On February 12, the White House released its Fiscal Year (FY) 2019 budget proposal, which included several provisions and budget changes of interest to the cancer community. While the proposal is not binding, it does provide a view into some of the Administration’s goals and budget priorities for the year.
While details of the proposed budget are limited, ASCO has concerns over provisions that would reduce reimbursement for new drugs from Wholesale Acquisition Cost (WAC) +6 percent to WAC +3 percent and consolidate Medicare Part B drugs into the Part D program. The society is concerned such changes could result in a major cut to physician reimbursement for Part B drugs, making it increasingly difficult for oncologists to cover essential patient services. We ask Congress to reject any such proposals and protect patient access to cancer care.
In addition, the budget proposes changes to the Quality Payment Program by eliminating “low-value metrics” in the Merit-based Incentive Payment System (MIPS), assessing clinician performance on the group level only, and changing incentives to encourage more practices to participate in alternative payment models. ASCO is evaluating these proposals and will continue to work with Congress and the Administration on any changes to physician reimbursement.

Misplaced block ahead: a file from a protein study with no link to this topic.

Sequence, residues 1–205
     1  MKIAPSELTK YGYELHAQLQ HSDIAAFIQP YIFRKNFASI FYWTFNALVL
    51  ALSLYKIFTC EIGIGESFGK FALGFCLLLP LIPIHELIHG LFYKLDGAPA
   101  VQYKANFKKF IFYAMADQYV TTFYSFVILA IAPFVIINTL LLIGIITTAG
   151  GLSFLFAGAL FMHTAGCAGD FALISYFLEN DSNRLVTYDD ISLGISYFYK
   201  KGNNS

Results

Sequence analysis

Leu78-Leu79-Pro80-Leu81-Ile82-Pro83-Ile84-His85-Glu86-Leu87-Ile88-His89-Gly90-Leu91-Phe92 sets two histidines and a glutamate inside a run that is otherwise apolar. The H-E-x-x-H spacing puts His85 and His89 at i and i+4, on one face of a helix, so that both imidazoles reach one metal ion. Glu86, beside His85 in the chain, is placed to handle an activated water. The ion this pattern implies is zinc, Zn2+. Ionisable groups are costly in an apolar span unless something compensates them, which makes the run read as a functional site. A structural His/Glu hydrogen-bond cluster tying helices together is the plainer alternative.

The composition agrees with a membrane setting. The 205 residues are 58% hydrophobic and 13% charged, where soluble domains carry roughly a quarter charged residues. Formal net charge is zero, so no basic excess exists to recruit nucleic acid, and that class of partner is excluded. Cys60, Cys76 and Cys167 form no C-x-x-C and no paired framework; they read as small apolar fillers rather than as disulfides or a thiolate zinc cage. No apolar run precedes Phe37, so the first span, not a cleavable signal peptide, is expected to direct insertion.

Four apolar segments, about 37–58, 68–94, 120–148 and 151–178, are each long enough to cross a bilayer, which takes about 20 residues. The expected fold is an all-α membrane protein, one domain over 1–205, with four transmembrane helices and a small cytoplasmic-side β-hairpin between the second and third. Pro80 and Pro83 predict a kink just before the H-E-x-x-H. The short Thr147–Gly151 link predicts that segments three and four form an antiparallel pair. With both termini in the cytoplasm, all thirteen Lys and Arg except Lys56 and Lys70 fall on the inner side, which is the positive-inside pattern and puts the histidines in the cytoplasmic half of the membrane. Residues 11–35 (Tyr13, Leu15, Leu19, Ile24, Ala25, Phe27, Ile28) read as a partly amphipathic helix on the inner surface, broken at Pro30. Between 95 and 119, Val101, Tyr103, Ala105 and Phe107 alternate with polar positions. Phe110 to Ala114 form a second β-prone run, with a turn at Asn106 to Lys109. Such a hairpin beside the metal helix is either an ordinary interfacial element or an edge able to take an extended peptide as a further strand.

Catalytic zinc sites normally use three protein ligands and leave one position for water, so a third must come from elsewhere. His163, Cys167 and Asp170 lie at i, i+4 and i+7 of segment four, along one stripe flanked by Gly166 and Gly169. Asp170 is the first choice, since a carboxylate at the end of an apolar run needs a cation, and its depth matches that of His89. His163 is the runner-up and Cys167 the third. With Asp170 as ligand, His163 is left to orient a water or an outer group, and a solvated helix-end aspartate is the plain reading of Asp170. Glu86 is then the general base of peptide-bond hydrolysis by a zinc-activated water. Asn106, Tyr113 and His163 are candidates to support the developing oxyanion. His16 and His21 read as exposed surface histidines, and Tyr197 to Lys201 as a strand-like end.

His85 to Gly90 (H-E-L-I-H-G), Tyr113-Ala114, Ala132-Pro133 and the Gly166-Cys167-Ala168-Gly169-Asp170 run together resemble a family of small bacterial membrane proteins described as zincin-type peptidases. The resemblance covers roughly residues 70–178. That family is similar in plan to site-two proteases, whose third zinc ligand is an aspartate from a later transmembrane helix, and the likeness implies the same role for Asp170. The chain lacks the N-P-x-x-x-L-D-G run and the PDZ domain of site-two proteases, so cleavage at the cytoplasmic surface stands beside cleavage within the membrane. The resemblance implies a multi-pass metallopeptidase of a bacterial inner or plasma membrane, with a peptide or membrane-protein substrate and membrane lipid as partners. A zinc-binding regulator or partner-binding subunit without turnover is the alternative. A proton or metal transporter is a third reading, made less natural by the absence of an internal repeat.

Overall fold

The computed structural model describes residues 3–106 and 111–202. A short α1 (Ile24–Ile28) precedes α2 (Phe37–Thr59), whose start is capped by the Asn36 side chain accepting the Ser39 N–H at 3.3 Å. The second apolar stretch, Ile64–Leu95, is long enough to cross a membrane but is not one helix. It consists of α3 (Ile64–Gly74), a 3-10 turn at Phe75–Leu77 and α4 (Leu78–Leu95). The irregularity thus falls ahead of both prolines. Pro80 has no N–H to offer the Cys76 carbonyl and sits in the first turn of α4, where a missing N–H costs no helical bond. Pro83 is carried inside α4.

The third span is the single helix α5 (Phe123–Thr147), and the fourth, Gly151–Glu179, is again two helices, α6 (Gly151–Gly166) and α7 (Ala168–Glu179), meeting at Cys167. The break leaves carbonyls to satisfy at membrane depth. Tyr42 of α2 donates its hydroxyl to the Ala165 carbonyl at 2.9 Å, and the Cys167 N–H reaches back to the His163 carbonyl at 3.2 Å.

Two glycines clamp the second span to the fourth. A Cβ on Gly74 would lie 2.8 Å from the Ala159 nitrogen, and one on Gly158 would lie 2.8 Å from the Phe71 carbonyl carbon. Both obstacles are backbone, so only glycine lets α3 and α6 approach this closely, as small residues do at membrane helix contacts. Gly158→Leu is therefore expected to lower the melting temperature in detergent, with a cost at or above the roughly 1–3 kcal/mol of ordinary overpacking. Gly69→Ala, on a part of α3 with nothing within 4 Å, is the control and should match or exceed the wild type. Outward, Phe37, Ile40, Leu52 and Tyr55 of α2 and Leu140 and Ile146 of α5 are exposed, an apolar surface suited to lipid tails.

Access to Cancer Care: Medicaid Proposal
The President’s budget includes a proposal that would repeal Medicaid expansion and transition federal funding for the Medicaid program to block grants. These proposed changes do not meet ASCO’s principles for healthcare reform and would jeopardize access to cancer care for some of the most disadvantaged Americans.
Funding for Federal Agencies
The proposal includes a very modest increase from the current funding level for the National Institutes of Health (NIH)— due primarily to consolidation of other research agencies, including the Agency for Healthcare Research and Quality (AHRQ), within the NIH. ASCO believes funding stronger investment in the NIH and NCI is needed to make up for years of stagnant funding and calls on Congress to continue their work towards bipartisan and sustained funding increases to support biomedical research in the United States.
However, ASCO is pleased that the proposal calls for more than $20 million in funding for the Oncology Center for Excellence (OCE) to support its mission within the Food and Drug Administration (FDA).
The budget proposal calls for changes to the 340B Drug Pricing Program by reducing payments to hospitals that provide little or no charity care. In addition, hospitals would have to report how they use the savings from the 340B program. ASCO continues to monitor and weigh in on various proposals to reform the 340B program within the Administration and Congress to ensure they adhere to the recommendations outlined in ASCO’s 340B statement.
ASCO is continuing to review the budget proposal and will provide additional updates on ASCO in Action.